British start-ups are developing graphene technology to enhance their ability to regulate satellite temperatures.
The universe is full of amazing extremes, and so is the temperature of the universe. Between the sun-facing side and the earth-facing side, satellites can experience temperature changes in excess of 400 ° C.
The effects of satellites getting too hot or cold can range from disruption of the applications we use every day to dramatic impacts on emergency services. Currently, thermal management options are not optimal. They are large, heavy, consume high power, and can rapidly reduce satellite reserves.
Today, the University of Manchester spin-out SmartIR is building a cost-effective solution. satellite You can control the heat radiation as needed.
The SmartIR team has developed a graphene-based smart coating for satellites that allows them to manage thermal energy in real time, depending on whether the surface of the satellite is in the shadow of the Earth or closest to the Sun. ..
This graphene technology is a much better solution because it is lightweight, consumes less power, responds quickly to temperature changes, operates over the entire infrared spectrum, and has no moving parts.
Funding for space technology
SmartIR is currently participating in the European Space Agency Business Incubation Center in the United Kingdom (ESA BIC UK) At the Daresbury Institute of the Science and Technology Facilities Council (STFC).
This will allow the company to take full advantage of the funding and support available in space and satellite technology to facilitate this commercial development.
ESA BIC UK is part of the world’s largest business incubation program for space technology start-ups. We have helped more than 100 companies reach their goal of developing innovative products and services for the increasingly competitive global market.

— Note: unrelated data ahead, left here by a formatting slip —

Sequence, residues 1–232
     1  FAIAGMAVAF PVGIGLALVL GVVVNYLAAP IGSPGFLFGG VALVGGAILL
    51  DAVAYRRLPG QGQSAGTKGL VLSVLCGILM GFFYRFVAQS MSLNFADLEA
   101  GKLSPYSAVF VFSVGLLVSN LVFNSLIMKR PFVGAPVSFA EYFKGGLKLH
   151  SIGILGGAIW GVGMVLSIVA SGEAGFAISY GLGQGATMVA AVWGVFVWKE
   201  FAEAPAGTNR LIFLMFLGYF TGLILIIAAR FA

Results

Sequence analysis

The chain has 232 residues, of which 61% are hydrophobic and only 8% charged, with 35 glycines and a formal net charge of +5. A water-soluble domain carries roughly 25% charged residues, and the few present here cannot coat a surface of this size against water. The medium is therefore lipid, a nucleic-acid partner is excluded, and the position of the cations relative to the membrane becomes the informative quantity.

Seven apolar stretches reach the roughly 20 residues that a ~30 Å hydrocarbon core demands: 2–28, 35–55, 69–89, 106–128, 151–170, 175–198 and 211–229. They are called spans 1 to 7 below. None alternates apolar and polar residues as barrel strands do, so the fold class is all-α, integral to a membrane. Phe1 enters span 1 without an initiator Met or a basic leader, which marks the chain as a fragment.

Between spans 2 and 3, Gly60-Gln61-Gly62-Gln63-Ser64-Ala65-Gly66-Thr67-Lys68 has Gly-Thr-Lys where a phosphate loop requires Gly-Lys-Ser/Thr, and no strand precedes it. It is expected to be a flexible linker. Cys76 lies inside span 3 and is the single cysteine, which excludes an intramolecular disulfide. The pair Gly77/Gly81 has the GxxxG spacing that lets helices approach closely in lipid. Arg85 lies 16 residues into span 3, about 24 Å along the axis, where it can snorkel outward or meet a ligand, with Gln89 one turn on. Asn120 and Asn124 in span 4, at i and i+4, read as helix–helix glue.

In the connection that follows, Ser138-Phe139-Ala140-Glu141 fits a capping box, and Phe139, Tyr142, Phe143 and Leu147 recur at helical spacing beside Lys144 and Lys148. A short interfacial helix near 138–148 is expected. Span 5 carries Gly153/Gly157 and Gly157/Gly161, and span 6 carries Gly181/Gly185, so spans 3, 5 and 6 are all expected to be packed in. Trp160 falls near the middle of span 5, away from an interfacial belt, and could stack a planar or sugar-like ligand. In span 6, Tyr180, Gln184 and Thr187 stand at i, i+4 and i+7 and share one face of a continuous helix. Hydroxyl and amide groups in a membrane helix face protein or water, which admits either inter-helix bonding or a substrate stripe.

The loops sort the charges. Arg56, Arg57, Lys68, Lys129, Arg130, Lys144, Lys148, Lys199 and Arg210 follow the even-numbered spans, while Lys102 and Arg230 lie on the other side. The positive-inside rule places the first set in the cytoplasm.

Commercial development of space
Professor Coskun Kobacas, Science Director and Co-Founder of SmartIR, explains:
“Applying graphene technology to the space industry is a great opportunity to take the capabilities of current thermal management systems to a new level while significantly reducing satellite power consumption and costs.
“Our current main focus is on testing and validating patented technologies to meet the requirements of the space industry. We are part of ESA BIC UK and take advantage of funding, space facilities, business support and valuable collaboration opportunities. What we can do is very important to us. “
Paul Vernon, Head of STFC’s Dare’s Berry Laboratory, said: It’s really exciting to see SmartIR incorporating graphene-based technology into satellite technology. “
“We are particularly pleased that the University of Manchester (Graphene-based) spinout will be able to join ESA BIC UK in Daresbury to provide the basic support needed to commercialize game-changing technology.
“The space industry is a priority for regional economic growth across the UK and we are thrilled to be able to support SmartIR in the development of such pioneering technologies. hoping.”
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